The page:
Chapter 13. Conclusions
13.2 Usual Care (UC)
Emergency shelters in this study were the entry points into homeless assistance in each site. Families randomly assigned to UC typically remained in emergency shelter and sought whatever assistance was available in the community. The experiences of UC families reflect how the homeless services system works when families in shelter are not given priority access to another homeless or housing assistance program.
The study provides valuable information about what types of assistance families use without special offers of assistance and how families in shelter for at least 7 days fare over time.
UC families (that is, families to whom random assignment did not give priority access to any active intervention) spent substantial periods of time in emergency shelter after random assignment. UC families spent an average of 4 months in emergency shelter after random assignment (nearly all immediately after random assignment). More than one-half (53 percent) of UC families spent 3 or fewer months in emergency shelter, 23 percent spent 4 to 6 months, and 24 percent spent more than 6 months in emergency shelter during the followup period.147
Emergency shelters offered a range of supportive services.
The shelters provided a range of supportive services in primarily congregate settings (dorms or other group living situations). All the shelters offered comprehensive needs assessments, case management, supportive services, and referrals to other programs. Shelters in some instances also offered supportive services such as access to physical health care, employment training, child advocacy, life skills training, mental health care, and parenting services.
UC families participated in homeless and housing assis - tance programs at fairly high rates. Some families assigned to UC did not use any other form of homeless or housing assistance besides shelters, but most did. In particular, 28 percent of UC families accessed some form of permanent subsidy, 25 percent received transitional housing, and 18 percent received rapid re-housing.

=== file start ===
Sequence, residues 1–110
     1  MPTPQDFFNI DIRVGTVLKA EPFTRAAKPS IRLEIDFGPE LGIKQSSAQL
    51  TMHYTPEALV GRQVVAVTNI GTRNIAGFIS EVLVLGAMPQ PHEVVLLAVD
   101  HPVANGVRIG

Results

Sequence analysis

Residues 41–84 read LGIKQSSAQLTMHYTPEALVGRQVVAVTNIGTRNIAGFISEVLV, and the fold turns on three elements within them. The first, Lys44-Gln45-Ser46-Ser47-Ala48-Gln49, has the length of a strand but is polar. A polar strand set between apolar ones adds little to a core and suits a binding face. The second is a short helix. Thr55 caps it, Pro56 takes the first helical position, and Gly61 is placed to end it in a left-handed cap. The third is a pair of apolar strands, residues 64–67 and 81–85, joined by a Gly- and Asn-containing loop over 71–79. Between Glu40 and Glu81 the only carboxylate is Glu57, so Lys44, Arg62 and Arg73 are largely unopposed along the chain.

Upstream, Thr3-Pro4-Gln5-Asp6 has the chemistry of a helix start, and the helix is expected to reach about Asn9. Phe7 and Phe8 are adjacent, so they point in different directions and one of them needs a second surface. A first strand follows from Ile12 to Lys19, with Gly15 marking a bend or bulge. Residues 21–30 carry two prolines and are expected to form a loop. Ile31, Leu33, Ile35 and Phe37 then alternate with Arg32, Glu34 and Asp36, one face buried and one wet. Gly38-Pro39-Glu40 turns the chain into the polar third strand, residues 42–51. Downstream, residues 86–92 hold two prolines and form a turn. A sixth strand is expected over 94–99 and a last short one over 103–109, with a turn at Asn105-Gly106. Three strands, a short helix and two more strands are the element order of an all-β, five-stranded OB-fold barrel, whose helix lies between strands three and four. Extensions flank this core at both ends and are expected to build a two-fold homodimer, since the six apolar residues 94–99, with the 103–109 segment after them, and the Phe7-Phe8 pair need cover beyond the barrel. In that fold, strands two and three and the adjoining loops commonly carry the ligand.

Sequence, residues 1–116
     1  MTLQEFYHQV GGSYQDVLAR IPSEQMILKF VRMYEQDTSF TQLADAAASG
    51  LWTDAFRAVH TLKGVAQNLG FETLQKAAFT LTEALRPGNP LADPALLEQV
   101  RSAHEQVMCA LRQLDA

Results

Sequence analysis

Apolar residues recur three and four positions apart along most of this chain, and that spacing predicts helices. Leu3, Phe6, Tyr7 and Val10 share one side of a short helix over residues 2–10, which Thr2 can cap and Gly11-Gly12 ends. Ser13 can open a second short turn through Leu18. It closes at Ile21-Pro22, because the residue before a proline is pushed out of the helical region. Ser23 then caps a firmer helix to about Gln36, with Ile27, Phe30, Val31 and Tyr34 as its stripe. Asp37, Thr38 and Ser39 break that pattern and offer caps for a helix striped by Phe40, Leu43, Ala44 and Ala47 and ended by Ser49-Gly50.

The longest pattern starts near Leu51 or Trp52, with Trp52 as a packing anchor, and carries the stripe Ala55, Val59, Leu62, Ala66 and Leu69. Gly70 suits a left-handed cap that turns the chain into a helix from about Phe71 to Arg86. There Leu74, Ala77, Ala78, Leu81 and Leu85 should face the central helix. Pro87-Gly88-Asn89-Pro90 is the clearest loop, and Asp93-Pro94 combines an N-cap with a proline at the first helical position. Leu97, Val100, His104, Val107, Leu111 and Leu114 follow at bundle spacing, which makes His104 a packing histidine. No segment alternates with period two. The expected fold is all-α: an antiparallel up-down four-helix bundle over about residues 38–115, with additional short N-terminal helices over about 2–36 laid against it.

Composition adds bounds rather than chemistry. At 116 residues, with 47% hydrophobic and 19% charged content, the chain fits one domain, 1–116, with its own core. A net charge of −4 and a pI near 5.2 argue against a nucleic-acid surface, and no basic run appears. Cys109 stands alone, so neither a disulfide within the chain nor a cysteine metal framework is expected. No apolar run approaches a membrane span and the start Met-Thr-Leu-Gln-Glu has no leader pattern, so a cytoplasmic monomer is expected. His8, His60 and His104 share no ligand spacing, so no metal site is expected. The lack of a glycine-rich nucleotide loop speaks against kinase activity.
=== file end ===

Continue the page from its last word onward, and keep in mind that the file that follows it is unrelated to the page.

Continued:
UC families were not faring well 20 months after study enrollment. One-half of UC families reported being homeless or doubled up in the 6 months before the survey or had a stay in shelter in the year preceding followup data collection.
In months 7 through 18 after random assignment, 28 percent of UC families stayed in emergency shelter. In the 6 months before the survey, 15 percent of families had been separated
147 Analysis of program use and cost of total program use used data during a median of 21 calendar months.
Short-Term Impacts of Housing and Services Interventions for Homeless Families 158 Chapter 13. Conclusions
from a child who was with the family in shelter at study out-set, and 4 percent had children in foster care. Fair or poor health was reported by 32 percent of UC family heads, and 31 percent worked in the week before the followup survey.
At the time of the survey, 15 percent reported alcohol depen - dence or substance abuse, and 12 percent had experienced intimate partner violence in the past 6 months. More than one-third of families were food insecure. Most children had experienced a school move since random assignment.
Monthly costs for emergency shelter were substantial.
The study found that the emergency shelter programs used by the UC families cost slightly more than $4,800 per month per family. Of this total, 63 percent were for supportive services. Altogether, costs of all the homeless and housing programs and associated services that families assigned to the UC group accessed—whether in a shelter or in active programs—were about $30,000 during the followup period in the comparisons involving UC.
13.3 Permanent Housing Subsidy (SUB)
In most cases, the families assigned to the SUB active interven - tion were given priority access to a housing choice voucher, or HCV, and they may have been offered housing search assistance (they were not offered ongoing social services).